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Latest in Ukraine: Zelenskyy Visits Neighboring Poland


Poland's President Andrzej Duda honors Ukrainian President Volodymyr Zelenskiy with The Order of the White Eagle at the Presidential Palace in Warsaw, Apr. 5, 2023.

New developments:

  • Ukrainian President Volodymyr Zelenskyy visits Poland, updating leaders there on the war in Ukraine and meeting with Ukrainian refugees who fled after Russia’s full-scale invasion.
  • French President Emmanuel Macron, during visit to Beijing, says with China’s relationship with Russia it can “play a major role” in achieving peace in Ukraine.
  • International Atomic Energy Agency chief Rafael Grossi reiterated the “urgent need” to protect the Zaporizhzhia Nuclear Power Plant in Ukraine as he met with Russian officials in Kaliningrad.
  • Russian bank VTB reports $7.7 billion in losses for 2022. Bank officials blamed Western sanctions that targeted Russia’s financial sector after Russia launched its full-scale invasion of Ukraine.
  • Poland’s Agriculture Minister Henryk Kowalczyk announces resignation amid anger from Polish farmers about effects of Ukrainian grain imports on prices.

Ukrainian President Volodymyr Zelenskyy visited neighboring Poland on Wednesday, giving leaders there an update on the war in Ukraine and meeting with Ukrainian refugees who fled after Russia launched its full-scale invasion of Ukraine.

Zelenskyy said the situation for Ukrainian forces in the eastern city of Bakhmut remains difficult and that “corresponding decisions” would have to be taken if Kyiv’s troops were at risk of being surrounded by Russian forces.

Zelenskyy discussed the state of the war with Polish President Andrzej Duda and Prime Minister Mateusz Morawiecki, as well as international support and cooperation for Ukraine. Zelenskyy thanked Poland for what he characterized as its historic assistance to the Kyiv government.

Duda said Russia has committed war crimes in Ukraine that must be punished.

"Today we are trying to get for Ukraine … additional guarantees, security guarantees, which will strengthen Ukraine's military potential," the Polish president noted.

Poland has been a key ally for Ukraine. The U.N. refugee agency says there are 1.5 million Ukrainian refugees who have registered for temporary protection status in Poland.

People holding Ukrainian and Polish flags wait for Ukrainian President Volodymyr Zelenskyy during his visit to Warsaw, Poland, April 5, 2023.
People holding Ukrainian and Polish flags wait for Ukrainian President Volodymyr Zelenskyy during his visit to Warsaw, Poland, April 5, 2023.

Poland also has served as a main hub for other Ukrainian partners to send military and humanitarian aid.

On the war front, Ukrainian regional authorities said on the Telegram messaging site that three people were killed and another six were wounded in artillery attacks on the towns of Oleksievo-Druzhkivka and Velyka Novosilka in the Ukrainian-controlled part of the Donetsk region.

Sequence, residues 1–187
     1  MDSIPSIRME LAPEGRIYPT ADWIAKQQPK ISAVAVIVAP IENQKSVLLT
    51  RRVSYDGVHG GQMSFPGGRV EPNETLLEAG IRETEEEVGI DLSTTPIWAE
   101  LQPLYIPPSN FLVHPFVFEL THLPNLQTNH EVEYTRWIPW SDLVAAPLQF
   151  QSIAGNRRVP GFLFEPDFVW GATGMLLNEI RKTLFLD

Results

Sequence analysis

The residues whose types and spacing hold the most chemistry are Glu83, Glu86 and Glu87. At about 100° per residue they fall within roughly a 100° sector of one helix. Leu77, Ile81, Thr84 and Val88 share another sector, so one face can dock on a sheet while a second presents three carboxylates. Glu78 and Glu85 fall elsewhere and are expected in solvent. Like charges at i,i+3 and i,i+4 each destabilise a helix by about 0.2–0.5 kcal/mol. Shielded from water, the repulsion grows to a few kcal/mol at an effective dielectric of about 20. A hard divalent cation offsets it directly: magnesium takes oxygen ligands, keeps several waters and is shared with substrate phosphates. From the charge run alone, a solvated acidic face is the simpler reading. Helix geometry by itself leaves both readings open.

Russia’s RIA news agency said that a Ukrainian drone had crashed near the Zaporizhzhia nuclear power plant, even as the chief of the global nuclear watchdog, the International Atomic Energy Agency, was expected in Russia for talks on the plant's security.

Meanwhile, Russian President Vladimir Putin on Wednesday accused Western security services of having helped Kyiv stage "terror attacks" in Russia.

"There are grounds to assert" that other countries and Western intelligence services were involved "in staging sabotage and terrorist attacks," Putin said in televised remarks.

Putin's remarks came days after an explosion at a cafe in Saint Petersburg killed Vladlen Tatarsky, a high-profile military blogger and staunch supporter of Moscow's assault on Ukraine.

U.S. aid

The United States is providing Ukraine with a $2.6 billion military aid package that includes munitions for Patriot air defense systems and three surveillance radars.

The package also includes hundreds of thousands of ammunition rounds along with 155 mm and 105 mm artillery rounds, which Ukrainian forces have continued to quickly burn through as they counter Russia’s illegal invasion.

“Ammunition for HIMARS, for air defense, for artillery is just what we need,” Zelenskyy said in his nightly address Tuesday. “Thank you Mr. President Biden, thank you Congress, thank you every American!”

A senior defense official, who spoke to reporters Tuesday on the condition of anonymity, said new equipment in the package such as nine 30 mm gun trucks could “detect and intercept drones such as the Iranian-built Shahed[s]” that Moscow is currently using in the fight.

About $500 million of the aid package announced Tuesday will provide ammunition and equipment from U.S. military stockpiles using the presidential drawdown authority. Another $2.1 billion will buy an array of munitions and weapons for Ukraine in the future.

The U.S. has now pledged more than $30 billion worth of security assistance to Ukraine since the invasion. When viewed as a percentage of donor country GDP, the U.S. ranks about 10th in its security donations to Kyiv.

Some material in this report came from The Associated Press, Agence France-Presse and Reuters.